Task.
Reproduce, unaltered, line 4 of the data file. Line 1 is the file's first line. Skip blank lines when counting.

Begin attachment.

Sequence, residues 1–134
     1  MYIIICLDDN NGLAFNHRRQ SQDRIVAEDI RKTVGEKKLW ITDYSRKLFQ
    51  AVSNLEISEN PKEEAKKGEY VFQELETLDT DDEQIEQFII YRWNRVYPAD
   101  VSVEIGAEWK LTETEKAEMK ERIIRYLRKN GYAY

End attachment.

   101  VSVEIGAEWK LTETEKAEMK ERIIRYLRKN GYAY